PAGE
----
Tuesday, October 11, 2011

Against Nostalgia

Mike Daisey is a storyteller and monologist, among other things. He's performed at some events put on by The Moth. He's good. This is what he had to say recently in the New York Times.
Apple’s rise to power in our time directly paralleled the transformation of global manufacturing. As recently as 10 years ago Apple’s computers were assembled in the United States, but today they are built in southern China under appalling labor conditions. Apple, like the vast majority of the electronics industry, skirts labor laws by subcontracting all its manufacturing to companies like Foxconn, a firm made infamous for suicides at its plants, a worker dying after working a 34-hour shift, widespread beatings, and a willingness to do whatever it takes to meet high quotas set by tech companies like Apple...
Mr. Jobs’s magic has its costs. We can admire the design perfection and business acumen while acknowledging the truth: with Apple’s immense resources at his command he could have revolutionized the industry to make devices more humanely and more openly, and chose not to. If we view him unsparingly, without nostalgia, we would see a great man whose genius in design, showmanship and stewardship of the tech world will not be seen again in our lifetime. We would also see a man who in the end failed to “think different,” in the deepest way, about the human needs of both his users and his workers. 
This grew out of Daisey's work, and performances of, something called The Agony and Ecstasy of Steve Jobs, his monologue/one-man show about his life and love of Apple, and the journey he took to China to meet with the workers there, and how it changed him. He is not unaware of the fact that other companies (Dell, HP, etc) also get there supplies in a similar, or worse, manner. He is aware, though, that like Nike was to the shoe industry, Apple is the brand that's most associated with the world's current manufactured bliss. If you're going to close the "sweatshops" of technology, they're the company you look at.

For myself, I've been reading Apple's supplier responsibility reports. In the coming days, when the mood strikes, I will post some of what it says. Fascinating things about suicide nets, for example. Apple, if nothing else, is active in auditing its suppliers and seemingly quite transparent about their (so-far) failures to enact lasting change. I don't know of any other tech company publishing the number of underage workers in their factories.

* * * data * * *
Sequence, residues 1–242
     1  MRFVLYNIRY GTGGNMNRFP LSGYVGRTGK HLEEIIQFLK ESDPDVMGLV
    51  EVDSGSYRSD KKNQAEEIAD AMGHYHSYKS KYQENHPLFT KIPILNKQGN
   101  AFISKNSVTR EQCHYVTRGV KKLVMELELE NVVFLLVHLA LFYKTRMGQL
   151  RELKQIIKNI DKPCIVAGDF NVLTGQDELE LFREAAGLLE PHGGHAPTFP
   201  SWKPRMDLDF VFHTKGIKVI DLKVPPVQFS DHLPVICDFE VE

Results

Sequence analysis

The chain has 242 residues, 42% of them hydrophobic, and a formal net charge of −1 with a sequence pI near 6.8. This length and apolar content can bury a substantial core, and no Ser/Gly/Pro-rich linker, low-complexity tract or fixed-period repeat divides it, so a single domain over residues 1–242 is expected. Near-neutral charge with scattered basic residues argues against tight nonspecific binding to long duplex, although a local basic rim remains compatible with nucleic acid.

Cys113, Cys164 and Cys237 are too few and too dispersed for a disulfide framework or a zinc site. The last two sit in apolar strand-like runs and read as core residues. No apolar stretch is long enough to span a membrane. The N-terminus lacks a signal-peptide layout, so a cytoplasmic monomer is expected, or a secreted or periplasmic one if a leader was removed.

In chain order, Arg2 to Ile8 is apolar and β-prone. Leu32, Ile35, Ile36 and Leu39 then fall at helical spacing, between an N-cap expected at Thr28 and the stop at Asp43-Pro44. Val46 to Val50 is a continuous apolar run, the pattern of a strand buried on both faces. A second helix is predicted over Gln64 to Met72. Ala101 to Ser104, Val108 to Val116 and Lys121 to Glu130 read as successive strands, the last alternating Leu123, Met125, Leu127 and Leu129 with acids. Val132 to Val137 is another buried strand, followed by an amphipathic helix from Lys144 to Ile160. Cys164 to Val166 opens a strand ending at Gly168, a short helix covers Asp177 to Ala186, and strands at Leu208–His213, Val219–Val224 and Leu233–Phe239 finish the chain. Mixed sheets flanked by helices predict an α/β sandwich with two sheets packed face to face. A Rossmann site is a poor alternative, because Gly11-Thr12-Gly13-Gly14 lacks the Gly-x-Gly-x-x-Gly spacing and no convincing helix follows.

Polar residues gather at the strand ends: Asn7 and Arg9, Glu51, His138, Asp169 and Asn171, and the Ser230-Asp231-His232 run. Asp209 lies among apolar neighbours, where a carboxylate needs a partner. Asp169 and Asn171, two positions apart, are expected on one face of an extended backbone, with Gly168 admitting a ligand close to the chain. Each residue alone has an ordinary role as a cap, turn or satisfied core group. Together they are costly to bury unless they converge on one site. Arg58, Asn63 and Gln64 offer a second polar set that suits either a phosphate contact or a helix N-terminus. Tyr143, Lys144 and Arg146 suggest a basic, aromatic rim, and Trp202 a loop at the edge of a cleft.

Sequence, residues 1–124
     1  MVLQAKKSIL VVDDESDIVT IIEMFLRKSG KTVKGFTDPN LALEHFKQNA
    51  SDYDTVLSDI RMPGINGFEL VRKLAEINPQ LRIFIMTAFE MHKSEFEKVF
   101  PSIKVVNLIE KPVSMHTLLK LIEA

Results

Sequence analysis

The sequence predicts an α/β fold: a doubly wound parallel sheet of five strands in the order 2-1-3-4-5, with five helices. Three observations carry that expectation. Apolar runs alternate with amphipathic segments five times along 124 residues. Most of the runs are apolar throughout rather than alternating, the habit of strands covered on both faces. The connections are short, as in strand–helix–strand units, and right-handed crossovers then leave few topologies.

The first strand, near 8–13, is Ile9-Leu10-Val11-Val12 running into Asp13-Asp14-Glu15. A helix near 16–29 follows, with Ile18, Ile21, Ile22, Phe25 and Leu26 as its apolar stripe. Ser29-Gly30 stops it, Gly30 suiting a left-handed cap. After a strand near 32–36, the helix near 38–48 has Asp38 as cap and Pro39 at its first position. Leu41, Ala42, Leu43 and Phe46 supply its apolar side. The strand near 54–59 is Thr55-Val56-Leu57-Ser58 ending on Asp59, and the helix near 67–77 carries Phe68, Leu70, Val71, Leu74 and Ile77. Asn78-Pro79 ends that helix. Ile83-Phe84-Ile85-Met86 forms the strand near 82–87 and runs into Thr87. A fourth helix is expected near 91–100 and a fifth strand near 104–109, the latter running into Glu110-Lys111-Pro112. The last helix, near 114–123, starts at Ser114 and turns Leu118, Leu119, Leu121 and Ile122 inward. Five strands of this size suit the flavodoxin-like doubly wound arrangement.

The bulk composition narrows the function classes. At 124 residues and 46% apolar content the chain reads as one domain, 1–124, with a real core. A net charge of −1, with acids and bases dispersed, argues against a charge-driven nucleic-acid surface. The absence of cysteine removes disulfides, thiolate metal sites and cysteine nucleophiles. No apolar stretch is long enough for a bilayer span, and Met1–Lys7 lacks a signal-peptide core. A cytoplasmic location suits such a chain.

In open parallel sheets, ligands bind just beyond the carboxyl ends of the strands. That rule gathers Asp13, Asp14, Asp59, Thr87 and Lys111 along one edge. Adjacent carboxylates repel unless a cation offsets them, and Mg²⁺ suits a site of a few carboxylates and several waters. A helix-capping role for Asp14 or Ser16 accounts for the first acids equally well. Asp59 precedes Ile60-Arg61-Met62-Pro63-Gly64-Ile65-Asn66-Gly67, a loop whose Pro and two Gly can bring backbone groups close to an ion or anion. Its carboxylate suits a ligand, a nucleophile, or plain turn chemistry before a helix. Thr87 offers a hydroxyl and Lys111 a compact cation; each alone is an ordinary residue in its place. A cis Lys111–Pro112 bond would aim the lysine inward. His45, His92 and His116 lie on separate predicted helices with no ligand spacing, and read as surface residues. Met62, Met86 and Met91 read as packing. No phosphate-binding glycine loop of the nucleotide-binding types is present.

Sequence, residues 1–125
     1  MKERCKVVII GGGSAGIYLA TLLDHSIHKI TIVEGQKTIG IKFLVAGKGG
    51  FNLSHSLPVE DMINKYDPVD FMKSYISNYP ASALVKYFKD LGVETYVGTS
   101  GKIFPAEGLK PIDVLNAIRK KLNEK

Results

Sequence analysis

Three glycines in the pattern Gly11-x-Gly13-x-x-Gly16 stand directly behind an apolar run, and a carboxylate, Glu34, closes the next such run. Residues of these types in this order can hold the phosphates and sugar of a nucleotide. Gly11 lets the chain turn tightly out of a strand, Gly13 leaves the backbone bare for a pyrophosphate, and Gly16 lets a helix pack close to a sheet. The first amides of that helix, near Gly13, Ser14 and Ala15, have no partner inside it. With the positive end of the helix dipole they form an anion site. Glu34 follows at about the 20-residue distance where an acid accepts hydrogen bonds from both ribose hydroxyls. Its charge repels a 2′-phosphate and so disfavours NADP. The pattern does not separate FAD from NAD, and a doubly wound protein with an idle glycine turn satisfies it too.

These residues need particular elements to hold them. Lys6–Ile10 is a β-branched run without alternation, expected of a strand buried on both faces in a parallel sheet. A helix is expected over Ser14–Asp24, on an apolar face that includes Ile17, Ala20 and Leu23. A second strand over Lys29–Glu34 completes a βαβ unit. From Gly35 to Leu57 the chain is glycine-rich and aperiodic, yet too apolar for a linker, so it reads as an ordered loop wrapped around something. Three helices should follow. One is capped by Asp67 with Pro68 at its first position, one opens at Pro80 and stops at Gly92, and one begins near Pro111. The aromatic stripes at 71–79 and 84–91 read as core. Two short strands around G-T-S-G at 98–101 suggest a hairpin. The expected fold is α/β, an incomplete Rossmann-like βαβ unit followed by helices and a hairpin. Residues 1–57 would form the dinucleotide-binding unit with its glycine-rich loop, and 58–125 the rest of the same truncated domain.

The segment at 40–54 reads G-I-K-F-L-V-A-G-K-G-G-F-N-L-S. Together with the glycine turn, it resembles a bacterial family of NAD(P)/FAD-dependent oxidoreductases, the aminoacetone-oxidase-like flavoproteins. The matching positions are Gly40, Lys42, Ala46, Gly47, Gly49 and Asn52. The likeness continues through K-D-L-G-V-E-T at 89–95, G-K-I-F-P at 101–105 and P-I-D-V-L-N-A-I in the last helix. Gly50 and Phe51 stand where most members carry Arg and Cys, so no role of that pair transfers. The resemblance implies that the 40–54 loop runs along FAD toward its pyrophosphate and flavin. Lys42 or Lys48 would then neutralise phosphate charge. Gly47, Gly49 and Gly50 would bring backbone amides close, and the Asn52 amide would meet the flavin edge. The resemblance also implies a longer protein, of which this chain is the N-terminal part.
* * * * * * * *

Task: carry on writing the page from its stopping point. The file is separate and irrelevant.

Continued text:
1. wow, this is good. i read the suicides story in wired a while back.. i don't suppose this guy wrote that? there is, usually, a limit to the amount of change that one person can do, and it is always just short of what people notice should have been possible for them to do. not saying that horrible labor practices are ok. we should be more aware of how our tech is made. but transparency and documentation of said practices, is, i believe, doing something a little differently.

  2. Don't know if it was the same guy. Probably not.

    And yes, I think--if nothing else--that documentation and transparency was thinking different. Perhaps, it's unfair for Daisey to say it wasn't (or to even mention it).

    That said, it's not like that documentation and transparency was--so far as I know--ever discussed publicly by Jobs or Apple (you know, in a hey everybody, look at what we're doing kind of way!).

    Still, it's worthwhile to point out these practices are going on, that they did go on while Jobs was around, and that, for whatever reason, it's up to us/someone else to push the agenda further--from documentation to some kind of reconfiguration.

    In the meantime, what Daisey said in another article--about buying second-hand items, holding out on updating every cycle--are small, but thoughtful things to do to reduce the amount of demand on the system. If enough people did that (which they won't) it might make a difference.